PBA: Shopping for groceries in Europe in comparison to the US, fresh food, specialized ingredients etc… overall was it more or less difficult in a city to find what you needed?
Lindsay: I lived abroad for a year and always found it fascinating that a “supermarket” in Europe — the entire supermarket! could fit into the produce section of the chain supermarkets we have in the states :) There are plenty of fresh foods in European supermarkets, but the “farmers market” stands are where it’s at. Those fresh produce stands are amazing. I talk about them a lot in the book — and how I’d gorge myself in the middle of the street on fruits and vegetables that were as vibrant as the rainbow.
Specialty ingredients like soy milk or soy yogurt are easily found in their supermarkets, but you won’t find things like Daiya, or fake meat, which I don’t really eat anyway, so it wasn’t a problem. They also don’t have endless isles of packaged junk foods like we do in America.
The year I lived abroad was the healthiest year of my life. I cooked from scratch everyday and used only the basic, fresh foods. That’s how we ended up with Everyday Happy Herbivore — all those back to basics. I miss it.
PBA: Traveling abroad in places like train stations, airports, hotels, do they score better than we do? Sometimes these are the hardest places to find plant-based food in the US.
Lindsay: It depends. In larger airports, in larger cities in the U.S. I find plenty of plant-based (vegan) and healthy options. The smaller airports are harder. Same is true for Europe. What’s available on a train, depends on the train, too — where it’s going, where it’s coming from, who is operating it. Overall, I found it pretty manageable, but did try to pack a meal and snacks whenever I could.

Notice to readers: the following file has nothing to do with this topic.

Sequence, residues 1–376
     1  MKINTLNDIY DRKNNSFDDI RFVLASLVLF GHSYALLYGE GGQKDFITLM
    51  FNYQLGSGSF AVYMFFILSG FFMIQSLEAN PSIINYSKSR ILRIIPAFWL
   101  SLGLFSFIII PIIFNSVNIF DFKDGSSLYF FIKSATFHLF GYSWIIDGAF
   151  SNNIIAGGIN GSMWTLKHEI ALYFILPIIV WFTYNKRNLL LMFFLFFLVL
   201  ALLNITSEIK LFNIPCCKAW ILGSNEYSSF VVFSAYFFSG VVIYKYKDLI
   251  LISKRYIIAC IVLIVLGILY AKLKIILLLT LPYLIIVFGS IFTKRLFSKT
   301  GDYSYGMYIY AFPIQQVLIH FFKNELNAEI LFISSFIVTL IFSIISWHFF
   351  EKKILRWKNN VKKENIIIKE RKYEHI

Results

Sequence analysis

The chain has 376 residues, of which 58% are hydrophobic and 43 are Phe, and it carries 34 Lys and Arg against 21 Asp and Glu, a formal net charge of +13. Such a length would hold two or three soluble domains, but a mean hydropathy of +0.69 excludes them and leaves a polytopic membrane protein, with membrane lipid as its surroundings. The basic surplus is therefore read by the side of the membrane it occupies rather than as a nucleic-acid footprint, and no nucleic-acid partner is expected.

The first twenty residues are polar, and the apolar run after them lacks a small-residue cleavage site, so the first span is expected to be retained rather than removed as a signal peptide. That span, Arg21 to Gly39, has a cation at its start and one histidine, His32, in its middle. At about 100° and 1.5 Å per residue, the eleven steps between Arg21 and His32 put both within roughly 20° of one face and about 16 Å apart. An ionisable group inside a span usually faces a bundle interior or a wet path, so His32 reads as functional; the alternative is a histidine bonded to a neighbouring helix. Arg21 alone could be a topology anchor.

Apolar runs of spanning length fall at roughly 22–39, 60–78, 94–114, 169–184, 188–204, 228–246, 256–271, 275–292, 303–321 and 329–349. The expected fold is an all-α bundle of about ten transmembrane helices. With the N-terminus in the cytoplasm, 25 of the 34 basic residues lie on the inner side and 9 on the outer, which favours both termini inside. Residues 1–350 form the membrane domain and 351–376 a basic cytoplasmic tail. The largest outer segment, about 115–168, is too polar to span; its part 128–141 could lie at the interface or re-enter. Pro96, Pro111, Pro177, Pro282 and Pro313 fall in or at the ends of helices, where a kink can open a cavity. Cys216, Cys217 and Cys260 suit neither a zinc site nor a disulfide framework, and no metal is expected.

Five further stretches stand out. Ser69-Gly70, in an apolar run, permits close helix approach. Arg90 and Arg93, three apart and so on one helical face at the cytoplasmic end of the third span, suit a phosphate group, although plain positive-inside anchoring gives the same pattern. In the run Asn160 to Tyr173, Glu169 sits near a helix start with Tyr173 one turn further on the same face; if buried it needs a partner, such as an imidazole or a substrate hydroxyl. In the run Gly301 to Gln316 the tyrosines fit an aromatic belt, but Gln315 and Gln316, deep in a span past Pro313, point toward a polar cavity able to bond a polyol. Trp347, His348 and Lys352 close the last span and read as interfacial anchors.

PBA: Since you travel so much, was there any place in particular that just fit for you? A place you could call your European home base? If so, what made it just right for you?
Lindsay: I feel very at home in The Netherlands and really love Germany. My husband’s family just moved there, too, so I think we’re going to relocate there as well, at least for a few months. At the same time, we’re planning to spend the summer in France — which is part business, part pleasure. Eventually, I hope to spend most of my year abroad again.
PBA: Fast food is everywhere in America. It’s spreading throughout the world as well. Most, if not all of it is junk. Did you find any healthy plant-based fast food abroad?
Lindsay: Falafel stands are everywhere. Perhaps not the most healthy, but at least plant-based!
PBA: If you could bring one cafe or other establishment from your trip, back to the US and park it in your neighborhood, what would it be?
Lindsay: I’d bring a Germany bakery — assuming they could bring all their flours too. I really miss German bread.
Thanks go out to Lindsay for answering my questions and sharing so much with us!
A winner has been chosen and notified by email. Thanks so much for sharing your plant-based adventures with us! You have given a lot of great tips to fellow plant-based travelers!